This color-enhanced image of a massive, raging storm in Jupiter’s northern hemisphere was captured by NASA’s Juno spacecraft during its ninth close flyby of the gas giant planet.
The image was taken on Oct. 24, 2017 at 10:32 a.m. PDT (1:32 p.m. EDT). At the time the image was taken, the spacecraft was about 6,281 miles (10,108 kilometers) from the tops of the clouds of Jupiter at a latitude of 41.84 degrees. The spatial scale in this image is 4.2 miles/pixel (6.7 kilometers/pixel).
The storm is rotating counter-clockwise with a wide range of cloud altitudes. The darker clouds are expected to be deeper in the atmosphere than the brightest clouds. Within some of the bright “arms” of this storm, smaller clouds and banks of clouds can be seen, some of which are casting shadows to the right side of this picture (sunlight is coming from the left). The bright clouds and their shadows range from approximately 4 to 8 miles (7 to 12 kilometers) in both widths and lengths. These appear similar to the small clouds in other bright regions Juno has detected and are expected to be updrafts of ammonia ice crystals possibly mixed with water ice.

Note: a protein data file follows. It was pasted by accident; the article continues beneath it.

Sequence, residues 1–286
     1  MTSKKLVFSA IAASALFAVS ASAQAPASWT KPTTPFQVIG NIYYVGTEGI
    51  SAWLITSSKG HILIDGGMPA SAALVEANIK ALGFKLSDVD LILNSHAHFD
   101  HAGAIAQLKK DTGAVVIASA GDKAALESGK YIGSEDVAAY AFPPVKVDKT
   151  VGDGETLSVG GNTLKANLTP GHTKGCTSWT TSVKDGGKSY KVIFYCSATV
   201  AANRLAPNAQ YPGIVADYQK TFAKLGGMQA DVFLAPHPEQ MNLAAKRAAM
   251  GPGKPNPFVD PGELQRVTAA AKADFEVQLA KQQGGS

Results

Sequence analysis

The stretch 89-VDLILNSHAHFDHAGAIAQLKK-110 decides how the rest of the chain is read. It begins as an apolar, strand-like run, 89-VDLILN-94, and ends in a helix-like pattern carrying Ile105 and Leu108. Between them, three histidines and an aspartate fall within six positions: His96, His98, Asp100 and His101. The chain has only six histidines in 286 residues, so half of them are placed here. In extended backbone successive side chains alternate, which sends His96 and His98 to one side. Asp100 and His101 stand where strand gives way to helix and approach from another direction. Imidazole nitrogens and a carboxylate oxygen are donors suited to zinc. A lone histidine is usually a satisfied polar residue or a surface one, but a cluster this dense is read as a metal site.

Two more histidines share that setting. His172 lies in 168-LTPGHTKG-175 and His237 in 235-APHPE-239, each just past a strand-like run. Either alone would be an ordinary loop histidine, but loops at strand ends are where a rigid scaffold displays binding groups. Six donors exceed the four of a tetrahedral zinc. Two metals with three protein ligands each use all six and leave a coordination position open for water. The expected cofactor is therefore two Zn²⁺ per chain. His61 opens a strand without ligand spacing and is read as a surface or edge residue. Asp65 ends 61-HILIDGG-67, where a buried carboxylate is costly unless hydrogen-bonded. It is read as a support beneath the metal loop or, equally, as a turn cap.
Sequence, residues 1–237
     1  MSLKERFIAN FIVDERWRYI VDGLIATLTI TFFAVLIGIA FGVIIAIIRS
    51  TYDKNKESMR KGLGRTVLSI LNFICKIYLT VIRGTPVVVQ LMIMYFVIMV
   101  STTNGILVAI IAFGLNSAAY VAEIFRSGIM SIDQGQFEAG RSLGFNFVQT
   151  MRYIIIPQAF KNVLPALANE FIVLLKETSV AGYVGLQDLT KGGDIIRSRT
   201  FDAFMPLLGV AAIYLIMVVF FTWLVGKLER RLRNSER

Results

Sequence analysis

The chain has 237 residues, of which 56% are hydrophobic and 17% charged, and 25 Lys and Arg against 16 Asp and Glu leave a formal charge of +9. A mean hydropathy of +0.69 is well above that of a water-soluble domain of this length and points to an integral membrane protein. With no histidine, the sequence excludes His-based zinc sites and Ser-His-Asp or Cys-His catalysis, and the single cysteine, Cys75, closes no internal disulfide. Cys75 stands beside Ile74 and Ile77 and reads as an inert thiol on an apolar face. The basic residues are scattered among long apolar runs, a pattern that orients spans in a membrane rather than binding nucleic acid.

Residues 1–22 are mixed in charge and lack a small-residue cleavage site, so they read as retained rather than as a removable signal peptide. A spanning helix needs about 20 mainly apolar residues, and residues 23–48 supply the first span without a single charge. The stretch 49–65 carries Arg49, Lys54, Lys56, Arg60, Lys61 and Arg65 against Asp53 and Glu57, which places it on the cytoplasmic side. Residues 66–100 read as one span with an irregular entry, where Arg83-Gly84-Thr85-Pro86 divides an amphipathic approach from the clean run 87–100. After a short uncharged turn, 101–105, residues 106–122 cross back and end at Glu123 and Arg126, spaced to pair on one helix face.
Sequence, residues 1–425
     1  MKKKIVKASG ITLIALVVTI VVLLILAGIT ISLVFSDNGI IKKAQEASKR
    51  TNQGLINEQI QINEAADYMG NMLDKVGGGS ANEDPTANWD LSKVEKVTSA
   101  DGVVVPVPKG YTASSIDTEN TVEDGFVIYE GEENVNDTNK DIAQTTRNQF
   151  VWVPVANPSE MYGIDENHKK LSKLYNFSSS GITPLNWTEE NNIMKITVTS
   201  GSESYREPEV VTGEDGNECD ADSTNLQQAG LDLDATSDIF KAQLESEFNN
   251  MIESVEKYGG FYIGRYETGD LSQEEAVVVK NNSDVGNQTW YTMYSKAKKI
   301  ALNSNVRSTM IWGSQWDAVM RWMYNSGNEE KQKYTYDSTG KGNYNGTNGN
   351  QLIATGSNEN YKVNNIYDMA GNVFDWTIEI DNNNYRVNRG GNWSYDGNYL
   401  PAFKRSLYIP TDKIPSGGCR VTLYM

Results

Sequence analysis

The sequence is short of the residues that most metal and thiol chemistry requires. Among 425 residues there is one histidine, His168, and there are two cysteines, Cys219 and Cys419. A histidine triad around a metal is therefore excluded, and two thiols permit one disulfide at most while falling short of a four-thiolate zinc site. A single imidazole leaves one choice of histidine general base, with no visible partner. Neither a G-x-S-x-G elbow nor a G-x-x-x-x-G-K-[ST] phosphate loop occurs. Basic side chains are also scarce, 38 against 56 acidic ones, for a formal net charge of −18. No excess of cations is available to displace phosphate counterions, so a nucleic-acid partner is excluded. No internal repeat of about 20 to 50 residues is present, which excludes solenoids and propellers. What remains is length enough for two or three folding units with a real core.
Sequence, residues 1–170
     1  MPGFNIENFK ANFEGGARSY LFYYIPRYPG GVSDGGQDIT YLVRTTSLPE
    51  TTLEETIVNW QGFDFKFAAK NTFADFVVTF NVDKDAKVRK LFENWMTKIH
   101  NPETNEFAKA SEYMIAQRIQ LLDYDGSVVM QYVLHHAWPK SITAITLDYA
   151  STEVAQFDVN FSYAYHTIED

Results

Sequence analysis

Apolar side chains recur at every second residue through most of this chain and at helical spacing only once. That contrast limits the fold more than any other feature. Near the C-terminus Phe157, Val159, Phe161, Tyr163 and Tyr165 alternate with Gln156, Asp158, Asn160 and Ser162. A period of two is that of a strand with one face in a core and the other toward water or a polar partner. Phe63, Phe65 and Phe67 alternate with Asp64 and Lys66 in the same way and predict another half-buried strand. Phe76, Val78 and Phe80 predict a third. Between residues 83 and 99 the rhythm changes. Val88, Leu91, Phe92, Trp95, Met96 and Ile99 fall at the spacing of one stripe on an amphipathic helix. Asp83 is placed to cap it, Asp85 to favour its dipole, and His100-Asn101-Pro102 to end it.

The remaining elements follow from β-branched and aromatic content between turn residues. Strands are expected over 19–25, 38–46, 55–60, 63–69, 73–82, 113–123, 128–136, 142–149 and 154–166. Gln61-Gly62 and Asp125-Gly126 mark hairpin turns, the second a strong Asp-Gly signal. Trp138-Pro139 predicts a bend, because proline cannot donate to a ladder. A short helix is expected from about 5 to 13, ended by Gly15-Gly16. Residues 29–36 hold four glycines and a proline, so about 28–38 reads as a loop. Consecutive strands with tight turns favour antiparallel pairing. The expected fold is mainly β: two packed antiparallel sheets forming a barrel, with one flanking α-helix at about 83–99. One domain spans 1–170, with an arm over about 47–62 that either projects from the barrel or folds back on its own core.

Citizen scientists Gerald Eichstädt and Seán Doran processed this image using data from the JunoCam imager.
4. Friday, Dec. 1, 2017: 9:30-11 am PST, (12:30 -2 pm EST; 11:30 am -1 pm CST): We welcome Dr. Miguel Alcubierre to discuss his warp drive paper, gravity waves and more. This program is co-hosted with John Hunt,.
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** Asteroid mining company Planetary Resources is launching its Arkyd-6 satellite on an Indian rocket next month. The satellite will test out a water ice sensor that will be used on later spacecraft to prospect for water rich asteroids: